MI5 is building a new £25m e-mail surveillance centre that will have the power to monitor all e-mails and internet messages sent and received in Britain. The government is to require internet service providers, such as Freeserve and AOL, to have “hardwire” links to the new computer facility so that messages can be traced across the internet.
The security service and the police will still need Home Office permission to search for e-mails and internet traffic, but they can apply for general warrants that would enable them to intercept communications for a company or an organisation.
The new computer centre, codenamed GTAC – government technical assistance centre – which will be up and running by the end of the year inside MI5’s London headquarters, has provoked concern among civil liberties groups. “With this facility, the government can track every website that a person visits, without a warrant, giving rise to a culture of suspicion by association,” said Caspar Bowden, director of the Foundation for Information Policy Research.
The government already has powers to tap phone lines linking computers, but the growth of the internet has made it impossible to read all material. By requiring service providers to install cables that will download material to MI5, the government will have the technical capability to read everything that passes over the internet.
Home Office officials say the centre is needed to tackle the use of the internet and mobile phone networks by terrorists and international crime gangs.Charles Clark, the minister in charge of the spy centre project, said it would allow police to keep pace with technology.
“Hardly anyone was using the internet or mobile phones 15 years ago,” a Home Office source said. “Now criminals can communicate with each other by a huge array of devices and channels and can encrypt their messages, putting them beyond the reach of conventional eavesdropping.”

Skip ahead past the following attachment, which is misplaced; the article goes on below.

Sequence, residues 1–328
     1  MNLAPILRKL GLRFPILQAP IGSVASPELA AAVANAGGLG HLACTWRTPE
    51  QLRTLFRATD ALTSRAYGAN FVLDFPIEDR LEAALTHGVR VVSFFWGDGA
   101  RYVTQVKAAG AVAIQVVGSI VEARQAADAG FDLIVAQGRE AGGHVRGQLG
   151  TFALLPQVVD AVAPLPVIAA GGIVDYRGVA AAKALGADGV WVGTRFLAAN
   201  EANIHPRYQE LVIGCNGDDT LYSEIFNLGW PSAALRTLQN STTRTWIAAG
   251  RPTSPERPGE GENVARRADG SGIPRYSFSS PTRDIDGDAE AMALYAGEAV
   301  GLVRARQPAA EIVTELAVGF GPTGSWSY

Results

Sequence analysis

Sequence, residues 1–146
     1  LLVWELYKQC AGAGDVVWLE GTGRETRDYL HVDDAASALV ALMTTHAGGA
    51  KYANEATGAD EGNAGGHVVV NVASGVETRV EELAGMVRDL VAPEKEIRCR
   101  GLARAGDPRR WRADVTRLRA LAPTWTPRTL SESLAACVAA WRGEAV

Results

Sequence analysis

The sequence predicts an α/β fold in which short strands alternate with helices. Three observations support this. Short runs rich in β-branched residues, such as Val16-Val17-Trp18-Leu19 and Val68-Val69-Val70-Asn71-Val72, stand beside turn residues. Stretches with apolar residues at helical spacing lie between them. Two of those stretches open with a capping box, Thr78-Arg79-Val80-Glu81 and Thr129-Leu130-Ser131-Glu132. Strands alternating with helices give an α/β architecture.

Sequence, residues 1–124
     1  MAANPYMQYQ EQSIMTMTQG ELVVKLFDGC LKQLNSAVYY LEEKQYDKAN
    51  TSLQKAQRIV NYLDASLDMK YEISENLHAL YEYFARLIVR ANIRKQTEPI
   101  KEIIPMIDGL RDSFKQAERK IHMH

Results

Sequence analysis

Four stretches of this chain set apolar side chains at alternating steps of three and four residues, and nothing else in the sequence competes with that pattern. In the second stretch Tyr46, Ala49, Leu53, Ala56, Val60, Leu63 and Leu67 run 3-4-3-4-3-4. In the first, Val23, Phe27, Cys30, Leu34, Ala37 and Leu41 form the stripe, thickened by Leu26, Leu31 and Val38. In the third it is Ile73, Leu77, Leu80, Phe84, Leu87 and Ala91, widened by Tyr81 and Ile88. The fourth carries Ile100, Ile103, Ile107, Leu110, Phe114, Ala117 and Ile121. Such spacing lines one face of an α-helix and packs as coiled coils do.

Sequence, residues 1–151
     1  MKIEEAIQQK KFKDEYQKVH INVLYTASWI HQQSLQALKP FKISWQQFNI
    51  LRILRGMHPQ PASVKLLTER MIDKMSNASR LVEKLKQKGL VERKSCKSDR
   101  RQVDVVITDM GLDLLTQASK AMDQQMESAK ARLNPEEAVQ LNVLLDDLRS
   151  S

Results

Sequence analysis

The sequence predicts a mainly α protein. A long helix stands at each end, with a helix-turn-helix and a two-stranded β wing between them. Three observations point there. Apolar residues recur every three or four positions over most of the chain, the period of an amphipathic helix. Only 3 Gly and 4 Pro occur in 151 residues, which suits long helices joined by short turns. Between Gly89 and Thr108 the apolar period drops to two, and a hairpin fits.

There has been an explosion in the use of the internet for crime in Britain and across the world, leading to fears in western intelligence agencies that they will soon be left behind as criminals abandon the telephone and resort to encrypted e-mails to run drug rings and illegal prostitution and immigration rackets.
The new spy centre will decode messages that have been encrypted. Under new powers due to come into force this summer, police will be able to require individuals and companies to hand over computer “keys”, special codes that unlock scrambled messages.
There is controversy over how the costs of intercepting internet traffic should be shared between government and industry. Experts estimate that the cost to Britain’s 400 service providers will be £30m in the first year. Internet companies say that this is too expensive, especially as many are making losses.
About 15m people in Britain have internet access. Legal experts have warned that many are unguarded in the messages they send or the material they download, believing that they are safe from prying eyes.
“The arrival of this spy centre means that Big Brother is finally here,” said Norman Baker, Liberal Democrat MP for Lewes. “The balance between the state and individual privacy has swung too far in favour of the state.”